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Medical device reliability program

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The FDA has their Design Controls in the Code of Federal Regulations Title 21 Part 820.30, then for outside the US, we have ISO 13485:2003 Medical devices – Quality management systems – Requirements …

The FDA has their Design Controls in the Code of Federal Regulations Title 21 Part 820.30, then for outside the US, we have ISO 13485:2003 Medical devices – Quality management systems – Requirements for regulatory purposes, and finally there is ISO 14971 Medical devices — Application of risk management to medical devices.
How can the New Product Development (NPD) process make conforming to these standards into an advantage and accomplish the appropriate Reliability activities in their proper place and sequence to avoid those expensive “loopbacks” (which are really NPD rework)? Can a NPD project steer clear of situations requiring compromise in Reliability to avoid repeating clinical trials or to preserve the project schedule?
Can a company avoid recalls for Reliability issues by knowing what the Reliability will be before product release?
An optimal New Product Development process will be presented that successfully deals with these challenges.

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  • Great article. I am new to medical device reliability and this article really open my knowledge. Thanks
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  • 1. Improved Efficiency & Reliability for Servers using Immersion Cooling Chet Haibel ©2011 ASQ & Presentation Haibel Presented live on Apr 12th, 2011 http://reliabilitycalendar.org/webina rs/english/
  • 2. ASQ Reliability Division English Webinar Series One of the monthly webinars on topics of interest to reliability engineers. To view recorded webinar (available to ASQ Reliability Division members only) visit asq.org/reliability To sign up for the free, and available to anyone, live webinars visit reliabilitycalendar.org/webinars http://reliabilitycalendar.org/webina rs/english/
  • 3. Medical Device Reliability Program Originally Presented April 12, 2011 Revised September 14, 2013 Chet Haibel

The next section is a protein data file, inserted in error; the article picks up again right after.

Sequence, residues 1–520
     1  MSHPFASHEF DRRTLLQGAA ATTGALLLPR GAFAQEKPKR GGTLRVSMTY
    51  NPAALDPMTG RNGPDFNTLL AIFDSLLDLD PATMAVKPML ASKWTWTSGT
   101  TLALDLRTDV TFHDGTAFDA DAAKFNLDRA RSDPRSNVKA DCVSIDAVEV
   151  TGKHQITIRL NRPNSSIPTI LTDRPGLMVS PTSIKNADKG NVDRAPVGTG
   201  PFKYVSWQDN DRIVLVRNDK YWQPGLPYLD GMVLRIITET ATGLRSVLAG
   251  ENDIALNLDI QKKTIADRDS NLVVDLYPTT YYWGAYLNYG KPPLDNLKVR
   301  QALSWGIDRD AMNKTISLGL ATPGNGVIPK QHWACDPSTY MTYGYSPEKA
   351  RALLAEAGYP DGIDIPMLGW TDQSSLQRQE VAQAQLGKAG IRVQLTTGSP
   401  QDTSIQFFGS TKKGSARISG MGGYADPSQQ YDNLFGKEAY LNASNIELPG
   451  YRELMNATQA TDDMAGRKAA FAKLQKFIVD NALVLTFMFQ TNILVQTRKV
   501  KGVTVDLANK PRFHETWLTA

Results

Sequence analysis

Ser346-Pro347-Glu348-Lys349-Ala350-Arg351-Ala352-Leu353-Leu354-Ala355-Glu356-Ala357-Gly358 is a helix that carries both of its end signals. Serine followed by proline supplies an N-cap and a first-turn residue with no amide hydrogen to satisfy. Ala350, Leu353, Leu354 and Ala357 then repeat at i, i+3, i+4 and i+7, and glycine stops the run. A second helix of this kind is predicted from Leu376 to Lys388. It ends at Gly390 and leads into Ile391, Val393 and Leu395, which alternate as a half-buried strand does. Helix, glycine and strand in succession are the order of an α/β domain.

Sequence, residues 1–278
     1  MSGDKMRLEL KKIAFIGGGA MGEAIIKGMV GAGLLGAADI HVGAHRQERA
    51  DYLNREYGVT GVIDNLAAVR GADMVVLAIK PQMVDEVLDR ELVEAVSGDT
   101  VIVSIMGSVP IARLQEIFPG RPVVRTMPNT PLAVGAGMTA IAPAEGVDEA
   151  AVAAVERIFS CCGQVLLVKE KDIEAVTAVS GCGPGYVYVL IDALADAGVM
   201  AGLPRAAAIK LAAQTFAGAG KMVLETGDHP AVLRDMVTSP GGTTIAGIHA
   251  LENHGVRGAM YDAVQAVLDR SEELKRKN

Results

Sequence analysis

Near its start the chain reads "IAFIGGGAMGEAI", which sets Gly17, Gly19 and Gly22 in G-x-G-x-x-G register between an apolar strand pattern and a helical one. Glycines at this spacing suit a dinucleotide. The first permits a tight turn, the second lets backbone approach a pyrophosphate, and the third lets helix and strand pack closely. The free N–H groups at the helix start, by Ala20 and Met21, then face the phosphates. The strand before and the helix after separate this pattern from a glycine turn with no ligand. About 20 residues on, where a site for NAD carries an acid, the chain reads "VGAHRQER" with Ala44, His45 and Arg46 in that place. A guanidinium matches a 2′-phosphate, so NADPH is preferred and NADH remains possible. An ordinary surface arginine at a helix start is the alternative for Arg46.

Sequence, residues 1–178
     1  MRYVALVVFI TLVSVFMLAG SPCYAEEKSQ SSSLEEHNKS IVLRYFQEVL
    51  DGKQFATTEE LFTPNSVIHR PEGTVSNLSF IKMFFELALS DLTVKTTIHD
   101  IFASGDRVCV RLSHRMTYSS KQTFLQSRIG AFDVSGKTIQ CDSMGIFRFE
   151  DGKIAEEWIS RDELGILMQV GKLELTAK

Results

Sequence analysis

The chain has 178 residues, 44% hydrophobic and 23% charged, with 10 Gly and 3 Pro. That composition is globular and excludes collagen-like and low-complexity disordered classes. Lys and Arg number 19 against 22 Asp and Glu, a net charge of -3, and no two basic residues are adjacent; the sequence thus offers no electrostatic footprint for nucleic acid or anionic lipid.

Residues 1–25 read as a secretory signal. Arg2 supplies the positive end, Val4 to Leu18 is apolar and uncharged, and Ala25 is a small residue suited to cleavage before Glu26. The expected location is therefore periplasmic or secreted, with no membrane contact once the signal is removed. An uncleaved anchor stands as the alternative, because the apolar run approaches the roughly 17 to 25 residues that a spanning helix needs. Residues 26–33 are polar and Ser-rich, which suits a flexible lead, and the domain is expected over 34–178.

• 4. Chet Haibel ©2013 Haibel Consulting LLC 4 Agenda • Some of the many process-controlling documents • Simplest process per the QSRs, MDD, ISO 13485 • Gathering all the Requirements and Specifications • Making Risk Management (ISO 14971) painless • Using Risk Management to highlight issues • The shortest path is to add a step to the process • Overstress testing substitutes for quantity and time • Good Reliability Procedures
  • 5. Chet Haibel ©2013 Haibel Consulting LLC Some Controlling Documents FDA’s QSRs: Title 21 CFR Part 820, esp. 820.30 European Union’s MDD 93/42/EEC ISO 13485:2008 Medical Devices – Quality Management Systems – Requirements for Regulatory Purposes ISO 14971:2007 Medical Devices – Application of Risk Management to Medical Devices IEC 62304:2006 Medical Device Software – Software Life Cycle processes IEC 62366:2007 Medical Devices – Application of Usability Engineering to Medical Devices These don’t tell you how to make your product reliable! 5
  • 6. Chet Haibel ©2013 Haibel Consulting LLC Simplest Medical Device Program 6 Validate: Designed the right product Verify: Designed the product right Product Development / Innovation Design Verification Design Inputs Design Outputs User Needs Prototypes Design Transfer Production Initial Units Design Validation Production Units Design and Development Planning Design History File
  • 7. Chet Haibel ©2013 Haibel Consulting LLC Focus on Gathering Design Inputs 7 Last minute changes really hurt reliability, cost, and schedule, so do an exceptional job of gathering all the inputs at the very start of the development project There are actually a lot of “customers” of New Product Development to keep happy
  • 8. Chet Haibel ©2013 Haibel Consulting LLC Seven Sources of Critical Information 8 Specification Development System Requirements User Human Factors External Standards Service Internal Standards Safety Functional Requirements Usability Requirements Risk Control Requirements Consistency Requirements Maintainability Requirements System Requirements Specification Marketing Competitive Requirements Regulatory Requirements Requirements need to be developed into specifications Complete specifications are verifiable, including fraction conforming at statistical confidence